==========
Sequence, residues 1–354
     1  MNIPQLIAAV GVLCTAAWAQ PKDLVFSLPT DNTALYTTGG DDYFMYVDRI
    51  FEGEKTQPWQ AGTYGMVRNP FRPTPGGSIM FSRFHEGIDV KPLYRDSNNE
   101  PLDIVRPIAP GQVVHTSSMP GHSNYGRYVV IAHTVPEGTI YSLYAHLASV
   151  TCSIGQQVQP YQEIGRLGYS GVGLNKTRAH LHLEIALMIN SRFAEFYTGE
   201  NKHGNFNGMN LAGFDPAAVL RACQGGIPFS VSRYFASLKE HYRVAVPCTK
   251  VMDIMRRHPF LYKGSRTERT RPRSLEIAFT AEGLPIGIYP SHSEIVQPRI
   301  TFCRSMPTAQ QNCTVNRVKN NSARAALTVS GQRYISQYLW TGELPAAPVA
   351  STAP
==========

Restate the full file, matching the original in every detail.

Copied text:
Sequence, residues 1–354
     1  MNIPQLIAAV GVLCTAAWAQ PKDLVFSLPT DNTALYTTGG DDYFMYVDRI
    51  FEGEKTQPWQ AGTYGMVRNP FRPTPGGSIM FSRFHEGIDV KPLYRDSNNE
   101  PLDIVRPIAP GQVVHTSSMP GHSNYGRYVV IAHTVPEGTI YSLYAHLASV
   151  TCSIGQQVQP YQEIGRLGYS GVGLNKTRAH LHLEIALMIN SRFAEFYTGE
   201  NKHGNFNGMN LAGFDPAAVL RACQGGIPFS VSRYFASLKE HYRVAVPCTK
   251  VMDIMRRHPF LYKGSRTERT RPRSLEIAFT AEGLPIGIYP SHSEIVQPRI
   301  TFCRSMPTAQ QNCTVNRVKN NSARAALTVS GQRYISQYLW TGELPAAPVA
   351  STAP